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Bruce H; Wallace (near Wilmington) NC
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« Reply #9 on: February 15, 2014, 10:09:11 AM »

The guy with blue LED lights will have bugs only color bugs do not see is red I have been told true or not I don't know but my LED white lite lantern will attract bugs for sure the June bugs love it

good luck

I usually leave the lights on blue or red. But if we are sitting outside under awning then we use white and we have not had any issues with bugs
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iMPAKS.com
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Seangie
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« Reply #10 on: February 15, 2014, 10:10:56 AM »

     Yeah, your lights look great, Sean, as do Nick's.  But what this thread has shown me is that there are two ways to do this -- have the lights mounted on the bus itself or on the awning.  One of the "what's best for the individual bus converter" things, I guess. 


Bruce - I contemplated this as well as my lights can't be used unless the awning is all the way open.

A good thing is that my lights can be at different angles as the ebd of the awning rolls out.  Either down at the ground lighting some of the area outside the awning or angled up when I roll up the awning a bit. 

My decision was based on - if I had the awning rolled up then I probably wouldn't be outside as the weather is the only reason it would be rolled up.  I didn't really think about having to plug/unplug them until after I installed them.  That's kind of a pain and it would be nice to just turn them on or off.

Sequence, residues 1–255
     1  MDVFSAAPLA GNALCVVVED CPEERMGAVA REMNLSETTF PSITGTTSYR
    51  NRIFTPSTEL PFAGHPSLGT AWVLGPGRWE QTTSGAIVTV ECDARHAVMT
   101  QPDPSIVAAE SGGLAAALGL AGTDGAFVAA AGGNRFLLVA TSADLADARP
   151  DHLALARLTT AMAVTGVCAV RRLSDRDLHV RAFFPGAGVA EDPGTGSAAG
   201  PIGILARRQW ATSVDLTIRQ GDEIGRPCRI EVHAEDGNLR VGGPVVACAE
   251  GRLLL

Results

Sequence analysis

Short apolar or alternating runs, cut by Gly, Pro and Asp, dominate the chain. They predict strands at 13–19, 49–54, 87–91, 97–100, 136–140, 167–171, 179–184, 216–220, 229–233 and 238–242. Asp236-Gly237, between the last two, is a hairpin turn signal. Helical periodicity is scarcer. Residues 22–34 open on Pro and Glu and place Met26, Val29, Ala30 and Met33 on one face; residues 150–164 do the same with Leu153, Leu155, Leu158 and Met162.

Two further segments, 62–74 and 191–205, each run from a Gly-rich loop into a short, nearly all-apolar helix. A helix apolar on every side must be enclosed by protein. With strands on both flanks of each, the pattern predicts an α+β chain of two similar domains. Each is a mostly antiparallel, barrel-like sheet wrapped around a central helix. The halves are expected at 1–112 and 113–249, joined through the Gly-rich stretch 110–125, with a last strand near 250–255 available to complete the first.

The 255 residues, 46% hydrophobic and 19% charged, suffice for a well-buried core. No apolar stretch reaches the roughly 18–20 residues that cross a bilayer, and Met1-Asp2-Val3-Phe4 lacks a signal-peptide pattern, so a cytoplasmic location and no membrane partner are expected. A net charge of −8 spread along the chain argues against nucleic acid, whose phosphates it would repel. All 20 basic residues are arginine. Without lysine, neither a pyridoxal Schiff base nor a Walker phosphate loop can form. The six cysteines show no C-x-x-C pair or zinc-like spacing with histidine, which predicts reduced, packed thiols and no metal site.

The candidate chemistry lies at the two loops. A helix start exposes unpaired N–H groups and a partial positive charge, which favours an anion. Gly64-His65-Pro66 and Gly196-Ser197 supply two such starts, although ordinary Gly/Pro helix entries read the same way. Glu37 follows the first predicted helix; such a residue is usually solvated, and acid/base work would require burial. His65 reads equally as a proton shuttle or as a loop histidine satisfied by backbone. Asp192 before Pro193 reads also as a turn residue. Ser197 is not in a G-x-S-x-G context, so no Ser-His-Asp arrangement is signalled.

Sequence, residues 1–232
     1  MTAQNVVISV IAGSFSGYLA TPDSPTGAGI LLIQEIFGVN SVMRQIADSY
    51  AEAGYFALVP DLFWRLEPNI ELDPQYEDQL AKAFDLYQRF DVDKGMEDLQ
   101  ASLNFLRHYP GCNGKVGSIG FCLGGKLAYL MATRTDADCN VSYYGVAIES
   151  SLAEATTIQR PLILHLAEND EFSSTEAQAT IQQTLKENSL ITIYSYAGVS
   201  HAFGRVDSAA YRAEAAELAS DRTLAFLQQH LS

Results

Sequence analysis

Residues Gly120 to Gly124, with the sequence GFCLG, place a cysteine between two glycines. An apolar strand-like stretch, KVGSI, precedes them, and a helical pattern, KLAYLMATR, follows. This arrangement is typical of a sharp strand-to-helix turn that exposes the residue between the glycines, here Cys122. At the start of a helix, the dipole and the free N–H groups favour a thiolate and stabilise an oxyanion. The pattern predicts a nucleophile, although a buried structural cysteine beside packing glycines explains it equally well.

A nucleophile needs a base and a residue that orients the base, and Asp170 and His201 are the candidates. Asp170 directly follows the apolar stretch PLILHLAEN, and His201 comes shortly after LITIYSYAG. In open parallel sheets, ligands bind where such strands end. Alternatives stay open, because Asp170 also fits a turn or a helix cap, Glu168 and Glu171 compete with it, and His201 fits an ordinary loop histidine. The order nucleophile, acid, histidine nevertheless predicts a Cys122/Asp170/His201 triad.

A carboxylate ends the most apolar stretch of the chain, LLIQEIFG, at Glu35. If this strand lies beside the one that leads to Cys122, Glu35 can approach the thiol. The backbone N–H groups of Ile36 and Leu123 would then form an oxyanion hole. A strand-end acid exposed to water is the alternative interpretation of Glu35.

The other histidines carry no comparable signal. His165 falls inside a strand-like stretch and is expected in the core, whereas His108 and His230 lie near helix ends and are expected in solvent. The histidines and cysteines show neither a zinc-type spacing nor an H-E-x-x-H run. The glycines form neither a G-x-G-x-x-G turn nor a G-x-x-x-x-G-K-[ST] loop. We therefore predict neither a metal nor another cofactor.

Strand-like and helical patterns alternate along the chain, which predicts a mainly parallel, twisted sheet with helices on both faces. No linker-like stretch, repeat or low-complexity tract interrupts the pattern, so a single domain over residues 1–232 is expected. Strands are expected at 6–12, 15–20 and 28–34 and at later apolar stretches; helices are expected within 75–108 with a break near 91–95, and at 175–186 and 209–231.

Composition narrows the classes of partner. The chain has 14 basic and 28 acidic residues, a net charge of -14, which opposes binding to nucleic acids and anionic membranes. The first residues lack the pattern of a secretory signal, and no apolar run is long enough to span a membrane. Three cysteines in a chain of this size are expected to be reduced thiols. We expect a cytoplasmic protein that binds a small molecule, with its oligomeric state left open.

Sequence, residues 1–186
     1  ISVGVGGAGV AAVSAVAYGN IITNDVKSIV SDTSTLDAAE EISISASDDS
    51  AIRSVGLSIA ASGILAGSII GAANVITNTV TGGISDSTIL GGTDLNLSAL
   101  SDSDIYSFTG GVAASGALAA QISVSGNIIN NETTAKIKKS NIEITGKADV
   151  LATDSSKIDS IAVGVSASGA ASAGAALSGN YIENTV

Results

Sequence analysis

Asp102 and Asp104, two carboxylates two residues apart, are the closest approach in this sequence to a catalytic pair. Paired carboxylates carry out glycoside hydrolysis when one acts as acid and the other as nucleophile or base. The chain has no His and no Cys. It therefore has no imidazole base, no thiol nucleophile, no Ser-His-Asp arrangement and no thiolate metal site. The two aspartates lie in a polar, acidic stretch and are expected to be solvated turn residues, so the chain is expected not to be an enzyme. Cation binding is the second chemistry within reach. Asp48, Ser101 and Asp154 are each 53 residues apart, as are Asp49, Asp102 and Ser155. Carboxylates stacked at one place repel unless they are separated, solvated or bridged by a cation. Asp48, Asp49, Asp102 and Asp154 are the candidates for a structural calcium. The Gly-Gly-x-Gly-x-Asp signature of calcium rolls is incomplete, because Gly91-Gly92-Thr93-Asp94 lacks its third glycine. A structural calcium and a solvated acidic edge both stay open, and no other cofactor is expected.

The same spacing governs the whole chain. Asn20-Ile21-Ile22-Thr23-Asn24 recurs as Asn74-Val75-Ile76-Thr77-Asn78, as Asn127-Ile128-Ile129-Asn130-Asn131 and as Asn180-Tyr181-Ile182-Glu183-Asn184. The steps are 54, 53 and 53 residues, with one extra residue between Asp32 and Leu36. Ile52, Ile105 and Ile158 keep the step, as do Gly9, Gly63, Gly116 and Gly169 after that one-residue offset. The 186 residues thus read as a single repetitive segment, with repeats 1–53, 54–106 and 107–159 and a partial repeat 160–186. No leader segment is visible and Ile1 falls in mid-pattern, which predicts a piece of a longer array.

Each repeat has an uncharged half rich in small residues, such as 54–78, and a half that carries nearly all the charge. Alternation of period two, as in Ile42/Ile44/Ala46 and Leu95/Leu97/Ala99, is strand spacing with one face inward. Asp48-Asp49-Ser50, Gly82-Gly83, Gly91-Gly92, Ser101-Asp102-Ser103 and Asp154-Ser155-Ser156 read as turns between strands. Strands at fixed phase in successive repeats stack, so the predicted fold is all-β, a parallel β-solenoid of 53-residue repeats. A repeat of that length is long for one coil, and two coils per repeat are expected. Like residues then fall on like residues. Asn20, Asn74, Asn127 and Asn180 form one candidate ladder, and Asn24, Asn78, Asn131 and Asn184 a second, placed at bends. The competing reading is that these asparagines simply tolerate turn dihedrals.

Eventually Ill probably put some kind of spot or a type of low profile light for direct light to use for purposes of needing light at night on the outside of the bus.

-Sean


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« Reply #11 on: February 15, 2014, 10:11:24 AM »

     Yeah, your lights look great, Sean, as do Nick's.  But what this thread has shown me is that there are two ways to do this -- have the lights mounted on the bus itself or on the awning.  One of the "what's best for the individual bus converter" things, I guess. 

I put mine on the bus side so it was easier to wire and not have to worry about the strips when rolling up the awning. Mine stays wired all the time and I just use remote to turn them on and off from inside or outside the bus. Mine also run on 12 volt or 110 when plugged in.
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« Reply #12 on: February 15, 2014, 11:51:37 AM »

  I put mine on the bus side so it was easier to wire and not have to worry about the strips when rolling up the awning. Mine stays wired all the time and I just use remote to turn them on and off from inside or outside the bus. Mine also run on 12 volt or 110 when plugged in. 

     Sounds good, simple and the electrics are easy.  I can see how someone might want more light out near the outer edge of the canopy for outdoor cooking, sitting, visiting with friends, reading, etc., but I think this is how I'll do it.
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Bruce H; Wallace (near Wilmington) NC